A narrow, wooded ribbon of land stretches between the Bethesda and Silver Spring areas, a portion of a rail spur that once was used to haul coal to Georgetown. Trains stopped running there more than a year ago, homeowners now walk their dogs along the deserted tracks, and gardens are planted nearby.

"Remember the jungle scenes in 'The Bridge on the River Kwai'? It looks just like that. It's idyllic," said James F. Chatfield, a Chevy Chase homeowner whose yard abuts the railroad line. "We walk these tracks and we get a great deal of peace out of that."

Today, the unused rail branch, owned by CSX Corp., has become a battleground between county officials and neighborhood activists.

Montgomery officials have proposed taking over a section of the old railroad line between Bethesda and Silver Spring to build a mass transit route for buses, trolleys or rail cars. The plan has set off protests from homeowners, such as Chatfield.

The widening controversy is viewed by federal and local officials as a classic test of competing demands for transportation and tranquility in a thickly populated area.

The tangled issues have led to multimillion-dollar negotiations, environmental studies, engineering calculations, public hearings and political debates involving federal, Montgomery County and District of Columbia officials. The dispute eventually may result in a court contest, officials say.

From the county's vantage point, the proposed transit route would provide sorely needed public transportation to connect two booming business districts, Bethesda and Silver Spring. It would link the Metro subway system's Bethesda and Silver Spring stations, which are on separate branches of the Red Line, and would help relieve mounting traffic congestion on key roads such as East-West Highway.

A county study has concluded that it "is both desirable and feasible" to build an East-West Transitway, as the proposed mass transit route has been labeled. "This critical resource must be pursued now, not later," according to the study. The plan has won allies among Bethesda and Silver Spring chambers of commerce and some commuters.

But homeowners, including prominent residents such as former senator and secretary of state Edmund S. Muskie, have denounced the proposal. Many residents have contended that a transit route overlooking their back yards would constitute an invasion of privacy. It would result in noise, pollution, safety problems, losses of trees, reduced property values, faster development and more traffic, they argue.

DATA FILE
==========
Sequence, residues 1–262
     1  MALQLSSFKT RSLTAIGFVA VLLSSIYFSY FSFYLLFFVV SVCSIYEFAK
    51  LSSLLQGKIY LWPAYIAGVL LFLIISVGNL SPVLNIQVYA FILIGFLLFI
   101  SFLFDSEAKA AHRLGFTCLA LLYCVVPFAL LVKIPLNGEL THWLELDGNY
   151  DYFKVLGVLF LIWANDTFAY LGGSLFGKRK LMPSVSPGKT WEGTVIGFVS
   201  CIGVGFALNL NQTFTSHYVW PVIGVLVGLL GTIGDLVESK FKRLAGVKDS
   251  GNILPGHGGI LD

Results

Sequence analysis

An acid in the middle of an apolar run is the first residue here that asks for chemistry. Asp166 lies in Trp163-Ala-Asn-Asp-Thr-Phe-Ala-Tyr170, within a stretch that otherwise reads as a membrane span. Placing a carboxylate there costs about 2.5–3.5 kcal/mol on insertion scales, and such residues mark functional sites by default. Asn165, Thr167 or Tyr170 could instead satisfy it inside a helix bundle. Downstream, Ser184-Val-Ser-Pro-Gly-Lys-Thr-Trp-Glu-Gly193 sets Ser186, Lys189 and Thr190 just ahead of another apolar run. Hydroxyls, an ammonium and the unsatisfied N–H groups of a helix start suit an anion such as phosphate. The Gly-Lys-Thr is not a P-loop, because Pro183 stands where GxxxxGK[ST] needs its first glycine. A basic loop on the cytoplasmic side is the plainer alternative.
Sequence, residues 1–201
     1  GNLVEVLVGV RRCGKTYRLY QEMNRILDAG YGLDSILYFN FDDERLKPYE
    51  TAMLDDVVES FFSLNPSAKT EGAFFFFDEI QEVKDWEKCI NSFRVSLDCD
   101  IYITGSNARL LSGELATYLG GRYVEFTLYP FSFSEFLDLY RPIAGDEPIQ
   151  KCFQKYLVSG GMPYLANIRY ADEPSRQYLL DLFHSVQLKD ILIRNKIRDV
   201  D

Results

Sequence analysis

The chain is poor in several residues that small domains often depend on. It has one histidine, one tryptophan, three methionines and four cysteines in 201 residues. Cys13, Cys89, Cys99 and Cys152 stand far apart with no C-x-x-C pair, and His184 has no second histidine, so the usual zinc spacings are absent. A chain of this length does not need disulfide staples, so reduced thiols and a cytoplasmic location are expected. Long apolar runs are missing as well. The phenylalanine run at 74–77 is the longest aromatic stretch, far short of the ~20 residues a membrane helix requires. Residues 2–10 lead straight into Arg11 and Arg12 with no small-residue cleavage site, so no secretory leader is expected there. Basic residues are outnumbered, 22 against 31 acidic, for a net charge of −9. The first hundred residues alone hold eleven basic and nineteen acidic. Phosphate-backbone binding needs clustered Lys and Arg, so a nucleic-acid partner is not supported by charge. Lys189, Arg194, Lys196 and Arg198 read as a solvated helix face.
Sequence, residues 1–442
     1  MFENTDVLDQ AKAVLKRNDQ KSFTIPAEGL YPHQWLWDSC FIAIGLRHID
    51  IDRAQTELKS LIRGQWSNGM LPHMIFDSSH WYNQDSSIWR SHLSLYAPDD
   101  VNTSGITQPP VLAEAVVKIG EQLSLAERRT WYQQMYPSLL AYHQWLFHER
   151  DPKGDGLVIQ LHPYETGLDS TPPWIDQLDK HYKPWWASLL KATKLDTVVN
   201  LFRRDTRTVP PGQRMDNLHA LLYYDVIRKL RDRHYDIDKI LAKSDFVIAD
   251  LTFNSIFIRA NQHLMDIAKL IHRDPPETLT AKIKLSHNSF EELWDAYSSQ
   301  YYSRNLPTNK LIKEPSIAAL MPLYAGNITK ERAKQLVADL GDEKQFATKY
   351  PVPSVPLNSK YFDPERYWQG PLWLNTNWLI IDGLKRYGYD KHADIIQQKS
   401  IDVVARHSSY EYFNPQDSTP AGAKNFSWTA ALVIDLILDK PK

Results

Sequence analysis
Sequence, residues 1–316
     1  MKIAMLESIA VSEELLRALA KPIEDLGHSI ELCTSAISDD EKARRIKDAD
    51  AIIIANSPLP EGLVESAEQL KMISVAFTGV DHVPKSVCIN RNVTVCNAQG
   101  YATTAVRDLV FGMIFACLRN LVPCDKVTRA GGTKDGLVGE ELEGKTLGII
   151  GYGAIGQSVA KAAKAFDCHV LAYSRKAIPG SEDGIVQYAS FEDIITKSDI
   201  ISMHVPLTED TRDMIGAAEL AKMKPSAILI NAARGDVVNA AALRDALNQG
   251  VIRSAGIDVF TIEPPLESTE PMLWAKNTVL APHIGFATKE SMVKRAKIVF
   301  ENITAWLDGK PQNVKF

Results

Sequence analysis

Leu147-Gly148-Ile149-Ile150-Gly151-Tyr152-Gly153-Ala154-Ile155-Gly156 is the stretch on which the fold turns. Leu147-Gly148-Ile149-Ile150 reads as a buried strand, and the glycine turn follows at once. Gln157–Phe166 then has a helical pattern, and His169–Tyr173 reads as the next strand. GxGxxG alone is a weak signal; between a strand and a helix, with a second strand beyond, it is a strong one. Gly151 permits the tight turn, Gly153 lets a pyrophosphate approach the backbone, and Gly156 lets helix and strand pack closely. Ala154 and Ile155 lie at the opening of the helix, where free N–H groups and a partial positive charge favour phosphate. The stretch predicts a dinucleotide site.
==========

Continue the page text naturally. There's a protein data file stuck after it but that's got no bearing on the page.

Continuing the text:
"It would be rapid transit running within 40 or 50 feet of our home," said Anthony F. Czajkowski, a retired Central Intelligence Agency official and history professor whose East Bethesda yard adjoins the tracks. "We'd be in economic limbo. The whole area would deteriorate and depreciate."

The rail spur once was used mainly to transport coal to a General Services Administration heating plant in Georgetown. With coal increasingly delivered by truck, the company halted rail service on the line in March 1985 and later sought federal approval to sell the route.

Even when the rail spur was in use, it caused little complaint among residents because trains made only about six or eight trips a week.

"It was looked on sort of fondly. It ran, at most, twice a day," said Reeve Vanneman, a leader of the Greater Bethesda-Chevy Chase Coalition, a group formed to fight the transitway proposal. "Whatever you run up and down there every three minutes is going to be a nuisance."

A controversy initially arose last year over a section of the rail branch along the C&O Canal in the District. Historic preservation organizations and neighborhood groups in the Palisades area objected to proposed development of the land, which overlooks the historic canal and the Potomac River.

In an attempt to preserve the scenic city area for hiking, bicycling and recreation, the National Park Service began negotiations with CSX Corp. to acquire the rail tract in the District. Park Service and CSX officials say they expect a deal eventually to be struck. The land's value is now being appraised.